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We have often heard this word “LNG”. Like, the government is setting new facility for LNG in India. The government has decided to open new LNG stations across the country… The government has released a purchase order to buy new LNG-driven vehicles for public transport and so much such news.
So basically, What is this LNG? ..For understanding LNG, you need to understand what is energy and different sources of energy. So, let us understand first about energy.
In simple words “Energy is the ability to do work” and it can be in potential, kinetic, chemical, electrical, thermal, or nuclear form. This means that using these energies we can get some work done like cooking, heating, transportation, etc.
For our day-to-day energy needs, we require some fuels which can be utilized to do the useful work. These fuels can be wood, cow dung, paper, sawdust, coal, charcoal, diesel, petrol, natural gas, furnace oil, kerosene, etc.
These all sources of energy are directly or indirectly available from nature only. And we use them on daily basis. Every industrial process is based on the use of one of these fuels. And we are dependent on them.
LNG stands for “Liquefied Natural Gas”. Which is Natural gas in liquid form. So let us understand Natural Gas first.
Natural gas is a fossil energy source that formed deep under the earth’s surface. The largest component of natural gas is methane.
Millions to hundreds of millions of years ago and over long periods, the remains of plants and animals were buried in thick layers on the earth’s surface and ocean floors, sometimes mixed with sand, silt, and calcium carbonate. Over time, these layers were buried under sand, silt, and rock.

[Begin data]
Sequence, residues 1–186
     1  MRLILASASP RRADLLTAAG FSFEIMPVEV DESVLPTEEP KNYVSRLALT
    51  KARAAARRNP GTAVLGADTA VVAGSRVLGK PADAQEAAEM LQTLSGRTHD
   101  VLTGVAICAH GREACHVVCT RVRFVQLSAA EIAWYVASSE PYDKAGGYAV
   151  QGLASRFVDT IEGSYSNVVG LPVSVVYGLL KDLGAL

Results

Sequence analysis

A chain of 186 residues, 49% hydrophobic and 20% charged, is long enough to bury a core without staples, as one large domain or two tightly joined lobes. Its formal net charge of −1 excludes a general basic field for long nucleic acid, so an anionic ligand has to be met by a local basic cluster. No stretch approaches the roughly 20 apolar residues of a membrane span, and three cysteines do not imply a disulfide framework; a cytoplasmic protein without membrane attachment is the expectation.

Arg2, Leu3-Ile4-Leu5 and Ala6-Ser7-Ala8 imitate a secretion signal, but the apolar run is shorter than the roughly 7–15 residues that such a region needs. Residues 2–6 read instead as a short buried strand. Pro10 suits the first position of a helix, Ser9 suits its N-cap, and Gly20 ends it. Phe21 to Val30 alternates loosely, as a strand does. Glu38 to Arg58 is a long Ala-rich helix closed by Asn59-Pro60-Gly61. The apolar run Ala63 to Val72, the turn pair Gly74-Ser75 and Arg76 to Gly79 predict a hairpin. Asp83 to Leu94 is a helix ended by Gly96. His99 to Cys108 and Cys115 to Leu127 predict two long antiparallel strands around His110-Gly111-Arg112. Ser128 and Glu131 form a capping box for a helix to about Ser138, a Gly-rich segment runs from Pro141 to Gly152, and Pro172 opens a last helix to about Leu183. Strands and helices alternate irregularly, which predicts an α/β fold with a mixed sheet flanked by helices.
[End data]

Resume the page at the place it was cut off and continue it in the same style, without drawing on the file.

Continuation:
Pressure and heat changed some of this carbon and hydrogen-rich material into coal, some into oil (petroleum), and some into natural gas. By drilling into the earth, we can produce Natural gas.
As compared to Natural Gas, LNG is easy to transport in bulk. As natural gas compresses when cooled down at -160°C gets converted into liquid form and becomes 600 times lesser in volume. That means when you see one bottle of LNG, using that same bottle you can fill 600 bottles of Natural Gas.
The boiling point of LNG is -160° which means it will stay in liquid form below this temperature. (E.g., at -161°C, -165°C… so on), and it will start evaporating above this temperature (at temperature -159°C, -145°C …. -140°C towards positive temperature, and so on).
LNG is chemical energy. And this chemical energy can be further converted into chemical to thermal, thermal to kinetic, and kinetic to Electrical energy. So, this satisfies the law of conservation of energy that: “Energy can neither be created nor destroyed; it can be only converted to one form to another form”.
The main content of LNG is Methane. LNG contains about 90%-95% of Methane. It is a highly flammable hydrocarbon, and it is the cleanest among fossil fuels. This means it pollutes the environment less as compared to other fossil fuels.
Compositions contained by LNG: (Ref. Google)
|Composition||Unit||Lean LNG||Rich LNG|